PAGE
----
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Circulating metabolites and the risk of type 2 diabetes: a prospective study of 11,896 young adults from four Finnish cohorts – published online 04/10/2019

Fig from Ahola-Olli paper

Ari V. Ahola-Olli, Linda Mustelin, Maria Kalimeri, Johannes Kettunen, Jari Jokelainen, Juha Auvinen, Katri Puukka, Aki S. Havulinna, Terho Lehtimäki, Mika Kähönen, Markus Juonala, Sirkka Keinänen-Kiukaanniemi, Veikko Salomaa, Markus Perola, Marjo-Riitta Järvelin, Mika Ala-Korpela, Olli Raitakari, Peter Würtz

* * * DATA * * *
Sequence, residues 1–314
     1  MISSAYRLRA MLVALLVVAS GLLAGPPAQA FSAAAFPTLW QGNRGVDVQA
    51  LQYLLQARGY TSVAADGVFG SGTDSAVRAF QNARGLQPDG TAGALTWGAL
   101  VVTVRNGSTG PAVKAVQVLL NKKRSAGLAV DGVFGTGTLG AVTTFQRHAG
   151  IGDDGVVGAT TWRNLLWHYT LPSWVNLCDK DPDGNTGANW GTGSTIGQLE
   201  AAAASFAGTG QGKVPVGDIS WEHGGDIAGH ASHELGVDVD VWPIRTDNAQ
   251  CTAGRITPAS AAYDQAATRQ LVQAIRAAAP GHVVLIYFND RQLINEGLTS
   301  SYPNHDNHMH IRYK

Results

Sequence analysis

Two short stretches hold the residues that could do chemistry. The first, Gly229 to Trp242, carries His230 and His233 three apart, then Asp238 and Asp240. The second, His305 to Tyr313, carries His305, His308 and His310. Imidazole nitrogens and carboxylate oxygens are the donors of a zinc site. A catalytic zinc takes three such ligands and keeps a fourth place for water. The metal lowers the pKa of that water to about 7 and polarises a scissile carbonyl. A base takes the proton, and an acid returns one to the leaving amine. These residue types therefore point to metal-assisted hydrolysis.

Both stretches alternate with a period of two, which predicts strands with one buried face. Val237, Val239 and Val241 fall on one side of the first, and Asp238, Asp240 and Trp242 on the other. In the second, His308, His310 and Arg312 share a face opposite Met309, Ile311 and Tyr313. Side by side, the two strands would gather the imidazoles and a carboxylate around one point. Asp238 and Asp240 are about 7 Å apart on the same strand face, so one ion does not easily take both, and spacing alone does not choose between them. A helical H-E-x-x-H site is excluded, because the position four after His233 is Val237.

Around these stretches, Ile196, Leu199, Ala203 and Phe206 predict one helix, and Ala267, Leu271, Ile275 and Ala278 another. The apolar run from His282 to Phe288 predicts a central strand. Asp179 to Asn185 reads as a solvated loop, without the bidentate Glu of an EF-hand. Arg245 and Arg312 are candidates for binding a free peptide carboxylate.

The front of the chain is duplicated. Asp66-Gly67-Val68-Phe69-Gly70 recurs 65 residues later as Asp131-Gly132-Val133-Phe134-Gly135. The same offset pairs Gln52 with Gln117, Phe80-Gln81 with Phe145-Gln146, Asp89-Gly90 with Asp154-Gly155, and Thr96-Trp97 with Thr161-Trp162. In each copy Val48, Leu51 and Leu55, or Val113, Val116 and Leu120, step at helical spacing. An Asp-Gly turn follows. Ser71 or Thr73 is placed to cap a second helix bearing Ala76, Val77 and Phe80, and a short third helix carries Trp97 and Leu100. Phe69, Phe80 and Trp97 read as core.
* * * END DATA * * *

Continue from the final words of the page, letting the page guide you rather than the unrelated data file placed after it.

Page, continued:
Increased risk for type 2 diabetes is consistently associated with widespread metabolic aberrations in young adults from multiple cohorts with a mean age of 31–36 years at baseline. Among the strongest predictors of incident type 2 diabetes are circulating branched-chain amino acids, VLDL-particle measures and enrichment of triacylglycerol in all lipoprotein subclasses. Previous animal studies and Mendelian randomisation studies performed in humans have suggested causal relationships between increased concentrations of branched-chain amino acids and type 2 diabetes. In this issue, Ahola-Olli et al ( used NMR metabolomics to quantify 229 circulating metabolic measures in individuals from four Finnish observational cohorts (n=11,896; baseline age 24–45 years) and tested associations with risk of developing diabetes, fasting glucose, 2 h glucose and HOMA-IR at follow-up (range 8–15 years). The authors explain that their results extend previously detected epidemiological associations (in middle-aged and older individuals) to young adults and demonstrate that branched-chain amino acids can predict the development of type 2 diabetes up to 15 years prior to disease onset. By summarising the information from multiple metabolic measures, the authors were able to derive and validate a multi-metabolite score identifying a subgroup of patients with a greatly increased risk for type 2 diabetes after adjusting for BMI and fasting glucose (OR 10.1 for individuals in upper vs lower fifth of the multi-metabolite score). They conclude that comprehensive metabolic profiling may eventually help target interventions for young people at increased risk for developing type 2 diabetes.

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